How inappropriate to call this planet earth when it’s quite clearly ocean. Arthur Clarke
I study mixotrophic plankton because I find them fascinating – on land carnivorous plants (e.g. sundews, pitcher plants and venus fly traps) are restricted to certain environments – yet mixotrophs are found in almost all aquatic environments. We’ve known about mixotrophic algae for almost a century (well, not me personally, but scientists in general). They have traditionally been considered oddities, and the physiological ‘cost’ of being both a plant and an animal made them less successful. Mixotrophy occurs in a wide range of taxa and involves different ‘strategies’. Some are algae that consume prey (like the ones we are studying) while others are grazers that either steal chloroplasts from prey to become temporarily able to photosynthesize or capture whole algal cells and keep them as symbionts.
Over the past two decades interest in mixotrophs in our oceans has grown dramatically because of their wide distribution and the roles that they play as producers, consumers, and prey. They are part of the microbial food web, which is essential to supporting the growth of higher trophic level organisms (things like fish, penguins, and whales – see the food web image below). Planktonic microbes are too small to be eaten directly by creatures higher up in the food web, and this is where zooplankton come into the picture. Invertebrates like copepods and krill eat the microplankton, and they are then eaten by larger predators. In the Antarctic, krill are very important prey and their growth is fueled by the large diatom blooms that occur in the spring (along with the diatoms that grow on the bottom of the sea ice). What they eat when diatoms are not the predominant organism (during summer, fall and winter) is still being investigated. They likely eat whatever they can find, but whether they prefer certain types of plankton is largely unknown.
Our work in the Antarctic marine environment is directed towards determining the amount of mixotrophic activity in different seasons, and identifying the taxa involved as well as their abundances (relative to the total phytoplankton). Why is this important? It goes back to that lettuce comparison in an earlier post, some taxa are potentially better food resources than others. And again, why is this important? Because to understand how changes to our oceans will impact the organisms that live there, we need to know what resources are important for them (food) and how those resources respond under changing conditions. The real-life example I can give is right here along the Western Antarctic Peninsula (WAP).
Climate change is a global issue, but the western peninsula region of Antarctica has warmed at a significantly higher rate than the global average over the past several decades. Atmosphere and water temperatures have risen significantly, particularly during the austral winter (Schofield et al., 2017). Since the 1970’s, the period of sea ice cover has been shortened by about a total of 3 months due to earlier spring melt and delayed fall/winter formation (Stammerjohn et al. 2012). This has resulted in changes within the marine food web including altered algal community structure, reduced photosynthetic production, reduced krill abundances, and changes in the distribution of penguin species (Henley et al. 2019). Years with warmer sea surface temperatures and lower winter sea ice show a switch from dominance by diatoms to mixotrophic cryptophytes. This shift in phytoplankton taxa implies the potential for mixotrophs and mixotrophy to play a larger role in future WAP marine food webs. An increase in the proportion of mixotrophic taxa in the population, and heterotrophy within those mixotrophs, could strengthen the microbial loop by channeling carbon from bacteria to higher trophic levels. However, as the grazing capability of krill differs for diatoms, cryptophytes, and other phytoplankton prey taxa, the impacts of mixotrophy are not clear.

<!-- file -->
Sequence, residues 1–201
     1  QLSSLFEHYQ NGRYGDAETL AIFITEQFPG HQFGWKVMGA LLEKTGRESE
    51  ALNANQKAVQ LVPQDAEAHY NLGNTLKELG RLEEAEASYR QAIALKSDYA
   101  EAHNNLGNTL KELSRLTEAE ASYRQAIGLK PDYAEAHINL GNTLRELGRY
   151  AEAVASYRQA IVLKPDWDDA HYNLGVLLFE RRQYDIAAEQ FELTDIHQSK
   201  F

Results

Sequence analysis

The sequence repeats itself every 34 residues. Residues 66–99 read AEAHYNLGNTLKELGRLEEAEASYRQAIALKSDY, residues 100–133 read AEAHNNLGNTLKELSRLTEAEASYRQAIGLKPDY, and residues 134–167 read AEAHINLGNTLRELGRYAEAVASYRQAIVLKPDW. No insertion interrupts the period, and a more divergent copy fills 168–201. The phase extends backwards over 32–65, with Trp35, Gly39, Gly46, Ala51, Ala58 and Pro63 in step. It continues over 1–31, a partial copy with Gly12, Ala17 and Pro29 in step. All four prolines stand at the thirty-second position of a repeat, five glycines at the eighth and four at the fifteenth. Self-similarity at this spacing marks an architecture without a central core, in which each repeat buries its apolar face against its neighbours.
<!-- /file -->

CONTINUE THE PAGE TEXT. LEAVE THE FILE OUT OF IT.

The past few days have been a challenge. The winds have been blowing at sustained speeds of 30-40 knots, with gusts up to 70 knots. We turned to head north out of Marguerite Bay two days ago, heading directly into the wind. This was fortunate because the NBP can ride up and over the swells rather than being battered from the side. It’s still a very bumpy ride. We managed to get in one more CTD cast on the outside of Adelaide Island before the seas got really lumpy – but to be clear, the wind was blowing like stink and processing our water was a challenge as we tried to balance on a tossing ship. The seas continued to test our fortitude through the next day as we continued our progress north to our sampling sites back in the Gerlache. Anti-nausea medication was a must for me, and I was able to make my way up to the bridge to watch the waves come over the bow. For scale, the bridge is 5 flights of stairs above the main deck (so 5 stories tall), and the main deck is about 20 feet above the sea surface, so when the spray completely covers the bridge windows, it was a sizeable wave. Crew estimates on the swell height were about 15 feet, and up to 25 feet last night.
I also finally had some time to do some drawing. The peninsula image illustrates our general cruise track (the dashed line), and I’ll have to wait to add color once I’m home (I forgot my colored pencils). I’m not sure that Neptune appreciated my wave picture because the day after I made it is when the seas got really rough.
And now for some pretty pictures from the northern region of the Gerlache Strait (near Charlotte Bay).
Some references for the information on climate impacts on the WAP.
Henley et al. 2019. Progress in Oceanography. 173:208-237.
Schofield et al. 2017. Deep-Sea Research Part I. 124:42-54.
Stammerjohn et al. 2012. Geophysical Research Letters. doi:10.1029/2012GL050874